Get your massive collection of academic papers under control so you can get to work actually writing. Qiqqa is a document management program built from the ground up for academics, making it a must-have tool for students and professors everywhere. Set Qiqqa up now and be ready to head back to school.
Journal articles are just as relevant in the academic world today as they’ve ever been, but fewer and fewer people actually handle a physical journal on a day-to-day basis. Instead students and professors are amassing ever-growing folders of PDF files containing the papers they need to do their job. These files are convenient in many ways but the more papers you collect the harder it is to find anything.
Featuring quality OCR and a searchable document library complete with metadata (author, subjects, tags and more), Qiqqa makes organizing your PDF files a snap. Add an indexed way to add comments and markup pages and you’ll quickly realize that this is the tool you’ve been looking for.
Start up Qiqqa and you’ll see a summary of your library, along with a collection of links to learn how to better use Qiqqa:
You’ll also notice that there is a tabbed interface. This means you can open various documents at once, which is useful while writing.
Open the library and you’ll see your PDF collection:
All of your papers are presented here, assuming you’ve added them. Adding files to this library is easy. You can set Qiqqa to watch a folder on your computer for new files; do this and any files added to that folder will be in your library. Alternatively, you can add files individually or add entire folders of files.
Once you build your collection you can scroll through to find a specific paper if you’d like. Alternatively, you can use the search function:
This is probably the quickest way to find what you’re looking for, but it is by no means the only way. You can also break your library down using metadata:
Above you can see the papers organized according to whether or not they’ve been read. As you can see there are a variety of other options, including authors, publications, year and tags. Some PDFs include this information but most don’t; you’ll have to add metadata to the files to use these tools.
Luckily Qiqqa also includes a brilliant way of collecting metadata. It requires some input from you, but will ultimately save you a lot of time when you’re searching for documents and when you’re building a bibliography later. This video tutorial outlines everything nicely:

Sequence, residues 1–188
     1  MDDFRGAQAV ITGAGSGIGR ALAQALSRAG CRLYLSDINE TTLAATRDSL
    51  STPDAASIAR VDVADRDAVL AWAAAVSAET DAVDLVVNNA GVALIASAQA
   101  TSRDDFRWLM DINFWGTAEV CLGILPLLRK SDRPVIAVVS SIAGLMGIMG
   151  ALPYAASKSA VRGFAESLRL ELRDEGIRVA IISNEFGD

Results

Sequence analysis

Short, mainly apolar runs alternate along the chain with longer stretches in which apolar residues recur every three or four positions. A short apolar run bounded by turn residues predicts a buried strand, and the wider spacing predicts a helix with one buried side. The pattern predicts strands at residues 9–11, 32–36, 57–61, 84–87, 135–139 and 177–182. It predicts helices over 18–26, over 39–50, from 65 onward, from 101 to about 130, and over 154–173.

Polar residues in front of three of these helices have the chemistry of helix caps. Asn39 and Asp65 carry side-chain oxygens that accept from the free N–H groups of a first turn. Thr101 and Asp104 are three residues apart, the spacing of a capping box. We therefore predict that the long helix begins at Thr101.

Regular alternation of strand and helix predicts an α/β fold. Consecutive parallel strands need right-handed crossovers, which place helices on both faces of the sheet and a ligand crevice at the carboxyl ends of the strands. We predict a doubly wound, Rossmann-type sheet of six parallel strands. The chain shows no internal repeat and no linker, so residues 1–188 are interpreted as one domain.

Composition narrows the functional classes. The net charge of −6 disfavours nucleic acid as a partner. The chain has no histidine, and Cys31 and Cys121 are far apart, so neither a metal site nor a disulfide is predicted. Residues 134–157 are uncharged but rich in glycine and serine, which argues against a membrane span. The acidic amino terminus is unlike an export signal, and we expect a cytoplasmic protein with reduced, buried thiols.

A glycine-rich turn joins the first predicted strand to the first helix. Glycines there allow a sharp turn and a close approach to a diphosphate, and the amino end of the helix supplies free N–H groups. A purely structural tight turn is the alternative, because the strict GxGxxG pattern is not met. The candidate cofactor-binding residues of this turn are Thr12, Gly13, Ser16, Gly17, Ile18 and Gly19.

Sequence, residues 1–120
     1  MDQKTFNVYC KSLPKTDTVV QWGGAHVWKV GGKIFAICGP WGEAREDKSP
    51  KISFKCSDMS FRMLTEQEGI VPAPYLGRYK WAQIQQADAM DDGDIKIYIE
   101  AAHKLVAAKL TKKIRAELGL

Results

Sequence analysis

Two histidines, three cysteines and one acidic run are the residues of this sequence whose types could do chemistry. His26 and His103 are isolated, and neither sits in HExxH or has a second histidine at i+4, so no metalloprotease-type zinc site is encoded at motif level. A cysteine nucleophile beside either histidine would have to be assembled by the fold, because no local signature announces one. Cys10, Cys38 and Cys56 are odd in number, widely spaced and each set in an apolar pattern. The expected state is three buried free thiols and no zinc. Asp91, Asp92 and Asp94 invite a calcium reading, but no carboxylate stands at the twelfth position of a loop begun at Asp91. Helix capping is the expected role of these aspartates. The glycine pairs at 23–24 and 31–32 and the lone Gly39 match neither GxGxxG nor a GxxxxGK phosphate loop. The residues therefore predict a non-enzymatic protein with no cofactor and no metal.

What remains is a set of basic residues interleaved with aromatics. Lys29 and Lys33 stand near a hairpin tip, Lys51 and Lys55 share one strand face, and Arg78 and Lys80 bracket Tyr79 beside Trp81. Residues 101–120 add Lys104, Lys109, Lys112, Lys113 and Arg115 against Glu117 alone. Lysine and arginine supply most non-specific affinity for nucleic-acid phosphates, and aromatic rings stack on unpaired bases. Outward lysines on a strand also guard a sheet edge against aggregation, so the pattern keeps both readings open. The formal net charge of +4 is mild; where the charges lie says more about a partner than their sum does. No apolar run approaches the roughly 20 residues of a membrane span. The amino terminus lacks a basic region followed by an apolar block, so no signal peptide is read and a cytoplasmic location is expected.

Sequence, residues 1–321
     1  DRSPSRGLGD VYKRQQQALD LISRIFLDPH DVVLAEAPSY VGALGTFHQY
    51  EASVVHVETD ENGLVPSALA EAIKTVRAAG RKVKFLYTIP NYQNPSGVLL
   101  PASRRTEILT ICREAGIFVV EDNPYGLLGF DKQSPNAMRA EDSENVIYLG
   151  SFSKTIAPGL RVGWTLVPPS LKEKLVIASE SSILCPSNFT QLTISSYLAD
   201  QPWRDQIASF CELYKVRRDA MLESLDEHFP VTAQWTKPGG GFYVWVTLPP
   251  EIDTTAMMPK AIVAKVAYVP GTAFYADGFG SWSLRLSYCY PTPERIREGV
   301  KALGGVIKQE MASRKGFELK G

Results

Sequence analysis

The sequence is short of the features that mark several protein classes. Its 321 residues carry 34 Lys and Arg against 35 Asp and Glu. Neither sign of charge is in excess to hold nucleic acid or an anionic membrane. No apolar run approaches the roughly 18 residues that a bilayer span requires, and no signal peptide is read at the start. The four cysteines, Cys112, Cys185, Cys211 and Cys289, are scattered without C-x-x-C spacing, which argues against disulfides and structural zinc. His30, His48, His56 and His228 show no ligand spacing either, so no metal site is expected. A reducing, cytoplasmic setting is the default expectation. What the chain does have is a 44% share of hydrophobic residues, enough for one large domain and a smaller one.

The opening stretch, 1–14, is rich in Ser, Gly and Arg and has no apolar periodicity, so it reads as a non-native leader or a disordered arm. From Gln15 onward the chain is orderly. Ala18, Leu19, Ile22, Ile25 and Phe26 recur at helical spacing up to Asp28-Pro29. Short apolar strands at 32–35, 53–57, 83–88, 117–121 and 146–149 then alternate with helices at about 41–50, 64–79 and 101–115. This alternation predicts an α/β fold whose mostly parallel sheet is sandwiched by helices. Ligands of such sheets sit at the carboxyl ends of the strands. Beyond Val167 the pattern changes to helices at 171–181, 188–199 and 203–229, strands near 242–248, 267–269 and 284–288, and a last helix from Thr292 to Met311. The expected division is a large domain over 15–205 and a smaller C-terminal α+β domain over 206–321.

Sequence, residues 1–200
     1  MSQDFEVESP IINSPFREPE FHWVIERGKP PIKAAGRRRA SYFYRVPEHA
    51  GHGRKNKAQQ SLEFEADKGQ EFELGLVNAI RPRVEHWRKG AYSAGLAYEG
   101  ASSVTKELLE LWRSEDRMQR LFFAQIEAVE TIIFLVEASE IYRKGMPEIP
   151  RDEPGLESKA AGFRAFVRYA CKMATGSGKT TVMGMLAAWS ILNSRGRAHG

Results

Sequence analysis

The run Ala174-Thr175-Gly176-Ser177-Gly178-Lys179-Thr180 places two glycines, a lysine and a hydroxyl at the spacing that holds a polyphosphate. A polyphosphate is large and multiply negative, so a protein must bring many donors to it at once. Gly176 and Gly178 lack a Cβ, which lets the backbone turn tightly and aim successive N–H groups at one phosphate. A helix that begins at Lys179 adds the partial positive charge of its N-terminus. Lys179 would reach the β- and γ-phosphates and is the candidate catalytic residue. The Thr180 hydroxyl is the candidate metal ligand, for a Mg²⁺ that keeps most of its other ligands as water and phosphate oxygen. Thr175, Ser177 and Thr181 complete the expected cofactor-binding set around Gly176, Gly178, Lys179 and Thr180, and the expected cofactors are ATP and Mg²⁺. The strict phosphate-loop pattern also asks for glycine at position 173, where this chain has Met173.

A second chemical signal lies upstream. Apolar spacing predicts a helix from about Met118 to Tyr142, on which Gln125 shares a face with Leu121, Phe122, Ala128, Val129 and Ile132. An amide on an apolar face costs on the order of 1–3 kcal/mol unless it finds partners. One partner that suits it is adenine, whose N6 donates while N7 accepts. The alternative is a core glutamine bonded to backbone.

Reading PDF Files
Qiqqa comes with a built-in PDF reader, of course:
From here you can read the way you usually would, with a few bonuses. You can highlight text and add notes; these notes are then indexed for easy reference. In fact, all text in all the PDFs you add to Qiqqa are indexed; even PDFs made from scanned documents. This is possible because Qiqqa comes with very good OCR technology.
This is put to good use. For example, Qiqqa can automatically determine the title of a paper by looking for the biggest words on the front page of the paper. This same concept is used to automatically generate a table of contents for any file that doesn’t have one, a feature that can save you a lot of time.
If you’re working on a paper you might want to visualize your ideas alongside the sources that inspired them. Qiqqa includes a tool for this:
This isn’t that different from other mind mapping software, except that you can directly reference the papers from which you’re drawing ideas.
Another feature worth mentioning is online syncing. You need to purchase a user account to really make use of this, but for academics with multiple computers it could be a godsend. It’s even possible to browse your papers online.
Ready to download Qiqqa? Visit the Qiqqa homepage to find out how.
Want to see Qiqqa in action before you download anything? Watch the following video; it goes over all the features mentioned above and more:
You can find more Qiqqa tutorial videos here.
I’m not an academic; at least, not anymore. My wife Kathy is though, and it was her quest to organize papers that made me aware of Qiqqa. She is a physics graduate student and uses the software all the time; she tells me it’s extremely useful and I can certainly see why.
I want to know what you think, though. Is Qiqqa a good way to manage documents, or is there a better one? Let me know in the comments below, as always. I love learning from you guys.